Videos & Speeches

I just returned from my home State, your home state, of Kansas to return to the work we are about to do in the Senate. This week away from Washington, D.C., gave me the opportunity to travel really all corners of our State. I went from southeast Kansas in Galena to northwest Kansas in Goodland, and almost every night while I was home weather was the topic of conversation.

Certainly, as Kansans who have experienced tornadoes in our own State over the last week and, certainly, over the life of our State, we extend our deepest sympathies and concerns to the people of Oklahoma. It is weather that I wanted to talk about on the Senate floor today in preparation for an amendment I will offer, which is being offered to the farm bill, and continued discussion of that farm bill throughout this week.

As I listened to Kansas farmers, the most prevalent request when it comes to farm policy, to a request for what ought to be in a farm bill is the request by Kansans that the Crop Insurance remain a solid and viable program. We live in a State in which weather is not always a friend to agriculture. Yet agriculture is our most significant creator of economic activity and generator of jobs and economic growth in our State. We have the pleasure, in fact we are very proud, to feed, clothe, and provide energy to much of the world.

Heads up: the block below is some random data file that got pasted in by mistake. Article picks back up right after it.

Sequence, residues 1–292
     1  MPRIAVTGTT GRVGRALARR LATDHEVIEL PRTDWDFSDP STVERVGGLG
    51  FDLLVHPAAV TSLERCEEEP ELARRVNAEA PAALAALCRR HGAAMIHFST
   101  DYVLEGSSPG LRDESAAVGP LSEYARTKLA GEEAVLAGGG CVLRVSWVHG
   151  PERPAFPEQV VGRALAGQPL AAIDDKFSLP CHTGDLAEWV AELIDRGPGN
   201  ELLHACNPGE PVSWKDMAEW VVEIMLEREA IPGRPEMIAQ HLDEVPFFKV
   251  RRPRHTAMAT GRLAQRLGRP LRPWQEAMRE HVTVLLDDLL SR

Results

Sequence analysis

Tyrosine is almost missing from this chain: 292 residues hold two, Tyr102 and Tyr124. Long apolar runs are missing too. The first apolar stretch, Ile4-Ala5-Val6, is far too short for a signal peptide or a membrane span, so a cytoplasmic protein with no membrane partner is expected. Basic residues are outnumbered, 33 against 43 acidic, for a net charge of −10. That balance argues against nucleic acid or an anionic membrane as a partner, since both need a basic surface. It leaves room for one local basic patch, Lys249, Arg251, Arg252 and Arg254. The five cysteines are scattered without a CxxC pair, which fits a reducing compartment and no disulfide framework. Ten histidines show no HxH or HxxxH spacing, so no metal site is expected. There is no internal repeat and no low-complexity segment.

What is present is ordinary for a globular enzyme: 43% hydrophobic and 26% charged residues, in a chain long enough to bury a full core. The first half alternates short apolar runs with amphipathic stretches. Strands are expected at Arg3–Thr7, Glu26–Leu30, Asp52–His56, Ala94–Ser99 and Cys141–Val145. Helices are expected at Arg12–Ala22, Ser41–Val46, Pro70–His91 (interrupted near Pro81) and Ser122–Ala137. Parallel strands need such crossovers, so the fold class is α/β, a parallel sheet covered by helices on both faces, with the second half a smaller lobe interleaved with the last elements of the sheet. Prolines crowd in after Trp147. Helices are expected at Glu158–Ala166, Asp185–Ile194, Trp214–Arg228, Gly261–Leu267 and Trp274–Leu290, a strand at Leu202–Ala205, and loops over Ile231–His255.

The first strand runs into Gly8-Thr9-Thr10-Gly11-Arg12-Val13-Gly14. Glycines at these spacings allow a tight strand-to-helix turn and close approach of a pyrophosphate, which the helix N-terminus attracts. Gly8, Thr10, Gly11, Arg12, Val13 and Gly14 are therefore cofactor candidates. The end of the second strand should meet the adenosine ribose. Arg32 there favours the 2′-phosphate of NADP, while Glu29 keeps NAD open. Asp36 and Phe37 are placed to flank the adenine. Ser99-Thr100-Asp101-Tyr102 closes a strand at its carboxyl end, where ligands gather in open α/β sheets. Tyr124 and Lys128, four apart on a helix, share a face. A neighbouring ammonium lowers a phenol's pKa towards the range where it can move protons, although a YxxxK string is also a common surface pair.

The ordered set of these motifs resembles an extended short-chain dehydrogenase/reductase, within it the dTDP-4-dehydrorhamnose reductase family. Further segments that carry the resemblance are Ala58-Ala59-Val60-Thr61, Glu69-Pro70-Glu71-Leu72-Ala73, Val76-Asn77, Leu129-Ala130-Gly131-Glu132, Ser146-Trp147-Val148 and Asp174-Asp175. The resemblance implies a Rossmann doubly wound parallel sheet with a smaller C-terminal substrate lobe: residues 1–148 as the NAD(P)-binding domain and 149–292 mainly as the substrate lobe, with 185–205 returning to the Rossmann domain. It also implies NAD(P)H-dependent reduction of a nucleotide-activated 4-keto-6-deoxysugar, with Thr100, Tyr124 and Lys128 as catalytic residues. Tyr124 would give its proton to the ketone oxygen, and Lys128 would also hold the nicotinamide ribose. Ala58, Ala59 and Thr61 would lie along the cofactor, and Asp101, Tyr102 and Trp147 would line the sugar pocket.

At the moment the challenges are great because of the significant effects the drought has had on Kansas and much of the Midwest. That drought has been ongoing for more than 2 years, and it has had a significant impact upon agricultural production. It is that point I want to make as we debate the farm bill, the importance of the Crop Insurance Program in response to those difficult times.

Despite the drought, our Nation remains the land of plenty, and Americans continue to enjoy the safest and most abundant food supply in the world. The reason we have so much is because of many factors: prayers, the work ethic of American farmers and ranchers, the courage to persevere in spite of enormous challenges, and, among those things, finally, is the ability to manage risk.

Farming and ranching is a high-risk occupation. Producers can't manage the one thing that matters most to them, Mother Nature. Mother Nature is the one variable that can't be controlled. Mother Nature brings drought, rain, wind, and hail, the things a producer must face head on each year and each year to follow.

With the inability to control the weather, we must control what we can--the great risks associated with agriculture. This is required for the United States to remain that land of plenty. The risk management tool of choice is crop insurance.

Crop insurance gives producers a safety net so when there is a drought, a flood, a hailstorm, or windstorm, they can pick up the pieces and try again. This is what sets us apart from the rest of the world. We have the ability to manage our risks so when Mother Nature gives us something bad, our nation's farmers and ranchers can live to start again.

Crop insurance is a public-private partnership. The government helps the producers cover some of the costs of the policy, and the producer covers the rest. Consumers help the producer, and the producer helps the consumer.